I am back to my favorite film genre for tonight's feature selection for Saturday Night Cinema. Tonight's film noir classic is Raymond Chandler's exciting thriller The Blue Dahlia.
This neat, fast-paced perfectly cast film noir reflects the hard-boiled, grim wit of the author of its screenplay, Raymond Chandler. Johnny Morrison (Alan Ladd) returns from the war to find his wife Helen (Doris Dowling) having a party and in the arms of another man. Johnny and Helen have a terrible fight, and later Helen is found dead. Johnny must prove his innocence and he enlists the aid of Joyce Haywood (Veronica Lake), the ex-wife of Helen's lover. Pursued by the cops, and never sure if he is being set-up for the murder, Johnny finally solves the murder and clears his name. Alan Ladd is at his hard-boiled, no-nonsense best as Johnny and Veronica Lake is, as always, the perfect noir femme-fatale, mysterious and alluring. Nicely directed by George Marshall, the film moves with great pace to an exciting, satisfying conclusion. The screenplay, the only one written by Chandler directly for the screen, was nominated for an Academy Award. ~ Linda Rasmussen, Rovi
From the NY Times 1946: The Dark Corner (1946)
THE SCREEN IN REVIEW; 'Blue Dahlia,' of Paramount, With Alan Ladd and Veronica Lake in the Leading Roles, Proves an Exciting Picture 'The DarkCorner,' in WhichMark Stevens, Lucille Ball Appear, Seen at Roxy--'Little Giant' in Debut of Loew's Criterion
To the present expanding cycle of hard-boiled and cynical films, Paramount has contributed a honey of a rough-'em-up romance which goes by the name of "The Blue Dahlia" and which came to the Paramount yesterday. And in this floral fracas it has starred its leading tough guy, Alan Ladd, and its equally dangerous and dynamic lady V-bomb, Veronica Lake. What with that combination in this Raymond Chandler tale, it won't be simply blasting that you will hear in Times Square for weeks to come.
For bones are being crushed with cold abandon, teeth are being callously kicked in and shocks are being blandly detonated at close and regular intervals on the Paramount screen. Also an air of deepening mystery overhangs this tempestuous tale which shall render it none the less intriguing to those lovers of the brutal and bizarre.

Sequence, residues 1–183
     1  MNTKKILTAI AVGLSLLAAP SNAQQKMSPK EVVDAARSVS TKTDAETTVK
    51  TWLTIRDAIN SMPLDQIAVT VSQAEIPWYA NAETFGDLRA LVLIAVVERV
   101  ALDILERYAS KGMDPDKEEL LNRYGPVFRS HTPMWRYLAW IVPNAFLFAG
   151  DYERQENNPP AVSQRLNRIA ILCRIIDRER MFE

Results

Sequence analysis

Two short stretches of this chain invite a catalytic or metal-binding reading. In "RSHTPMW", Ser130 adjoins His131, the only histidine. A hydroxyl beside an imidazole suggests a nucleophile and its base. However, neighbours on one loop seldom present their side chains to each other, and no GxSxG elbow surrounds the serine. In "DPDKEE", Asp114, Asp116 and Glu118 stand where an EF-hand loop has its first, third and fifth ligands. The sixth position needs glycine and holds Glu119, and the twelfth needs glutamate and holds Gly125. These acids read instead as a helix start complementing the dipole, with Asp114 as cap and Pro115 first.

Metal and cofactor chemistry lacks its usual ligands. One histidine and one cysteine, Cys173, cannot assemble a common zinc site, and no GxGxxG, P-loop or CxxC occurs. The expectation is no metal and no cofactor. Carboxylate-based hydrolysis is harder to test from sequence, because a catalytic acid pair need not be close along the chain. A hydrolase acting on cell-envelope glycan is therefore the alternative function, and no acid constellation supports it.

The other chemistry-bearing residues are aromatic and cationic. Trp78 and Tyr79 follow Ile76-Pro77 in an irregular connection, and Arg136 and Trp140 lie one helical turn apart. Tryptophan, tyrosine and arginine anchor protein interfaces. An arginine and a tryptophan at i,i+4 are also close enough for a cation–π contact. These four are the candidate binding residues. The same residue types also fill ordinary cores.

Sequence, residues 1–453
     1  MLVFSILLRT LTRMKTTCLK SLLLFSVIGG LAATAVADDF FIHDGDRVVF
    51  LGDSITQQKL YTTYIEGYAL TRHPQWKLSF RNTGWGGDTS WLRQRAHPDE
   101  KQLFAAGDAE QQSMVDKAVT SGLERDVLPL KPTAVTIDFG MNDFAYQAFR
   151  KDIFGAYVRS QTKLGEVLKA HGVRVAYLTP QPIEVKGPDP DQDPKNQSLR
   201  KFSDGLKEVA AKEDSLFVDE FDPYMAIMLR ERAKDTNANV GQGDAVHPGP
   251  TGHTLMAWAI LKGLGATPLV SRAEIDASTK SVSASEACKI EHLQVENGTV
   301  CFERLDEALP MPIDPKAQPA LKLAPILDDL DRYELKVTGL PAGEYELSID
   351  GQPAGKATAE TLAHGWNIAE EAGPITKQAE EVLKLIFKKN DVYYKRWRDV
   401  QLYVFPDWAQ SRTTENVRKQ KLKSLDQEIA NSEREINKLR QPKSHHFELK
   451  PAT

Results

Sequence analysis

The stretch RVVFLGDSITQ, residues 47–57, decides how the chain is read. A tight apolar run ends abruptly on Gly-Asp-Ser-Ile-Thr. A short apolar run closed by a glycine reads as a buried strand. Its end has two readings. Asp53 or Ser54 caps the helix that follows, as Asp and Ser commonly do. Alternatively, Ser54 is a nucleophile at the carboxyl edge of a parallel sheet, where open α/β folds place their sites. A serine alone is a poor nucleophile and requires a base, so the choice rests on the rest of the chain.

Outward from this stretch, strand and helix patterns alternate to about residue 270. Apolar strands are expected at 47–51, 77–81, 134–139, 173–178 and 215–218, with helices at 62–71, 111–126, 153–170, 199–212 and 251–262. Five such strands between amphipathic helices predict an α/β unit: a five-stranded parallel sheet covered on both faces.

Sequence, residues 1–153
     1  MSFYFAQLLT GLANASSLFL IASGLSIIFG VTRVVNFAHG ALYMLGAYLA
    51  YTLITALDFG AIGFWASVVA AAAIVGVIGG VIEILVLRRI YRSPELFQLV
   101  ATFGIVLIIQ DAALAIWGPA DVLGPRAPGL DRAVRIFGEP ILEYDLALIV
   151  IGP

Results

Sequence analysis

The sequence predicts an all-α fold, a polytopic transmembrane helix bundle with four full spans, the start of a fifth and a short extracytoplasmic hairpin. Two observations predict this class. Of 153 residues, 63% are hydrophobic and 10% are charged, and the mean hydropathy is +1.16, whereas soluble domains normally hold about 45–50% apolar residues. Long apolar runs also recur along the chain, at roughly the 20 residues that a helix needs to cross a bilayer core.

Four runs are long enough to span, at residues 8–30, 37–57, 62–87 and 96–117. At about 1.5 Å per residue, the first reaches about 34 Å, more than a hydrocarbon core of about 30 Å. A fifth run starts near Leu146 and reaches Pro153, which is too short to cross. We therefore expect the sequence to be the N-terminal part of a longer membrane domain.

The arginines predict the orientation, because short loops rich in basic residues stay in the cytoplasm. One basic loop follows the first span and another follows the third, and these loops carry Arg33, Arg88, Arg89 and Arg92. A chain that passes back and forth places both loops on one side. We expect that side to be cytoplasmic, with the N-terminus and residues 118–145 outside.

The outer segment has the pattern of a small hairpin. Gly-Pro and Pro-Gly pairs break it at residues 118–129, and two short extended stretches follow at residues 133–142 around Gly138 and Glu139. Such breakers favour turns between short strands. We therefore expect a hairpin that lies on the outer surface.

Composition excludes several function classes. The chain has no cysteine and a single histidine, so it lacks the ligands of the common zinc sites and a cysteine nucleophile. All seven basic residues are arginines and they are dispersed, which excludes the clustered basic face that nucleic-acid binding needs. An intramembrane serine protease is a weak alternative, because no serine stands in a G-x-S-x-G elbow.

In the manner of previous Ladd pictures, the rough stuff begins at the start, when our hero returns from the Pacific and finds his wife something less than true. A clip on the jaw for her boy-friend and a passing twist upon her shapely arms are sufficient to register the displeasure of the husband before he walks out. But the facts of his presence and anger make him the suspected one when, a few hours later, the gay wife is found in her bungalow—slain!
And so it is that the hero is launched on a catch-as-catch-can chase, trying to spot the killer before he himself is caught. Enroute, he falls in with a lady of considerable nerve (Miss Lake, of course) who insists upon rendering assistance which she is peculiarly qualified to give. He also has the rooting interest of a couple of ex-Navy pals who do very little to aid him but inject grimly comical twists. Thus confused, the perilous rat-race runs in and out of gaudy Hollywood dives, fáncy hotels and police chambers until the inevitable rat is caught.
Mr. Ladd, through it all, is his usual (as they say) imperturbable self, displaying a frigid economy in his movement of lips and limbs—except, of course, in those moments when it is essential that he protect himself. Then he goes into action like a hawser that has suddenly snapped. One adversary is nothing. Two thugs make a fair and equal match. The low art of knuckle-duster fighting is elaborately displayed in this film.
As for Miss Lake, her contribution is essentially that of playing slightly starved for a good man's honest affection, to which she manifests an eagerness to respond. And it is indeed remarkable how obvious she makes this look without doing very much. Howard da Silva is considerably more dramatic as a high-powered night club proprietor, and William Bendix looks and acts brutely eccentric as Mr. Ladd's slug-nutty pal. Doris Dowling as the faithless wife, Tom Powers as a nerveless detective chief and Will Wright as a crooked gumshoe worker give able performances.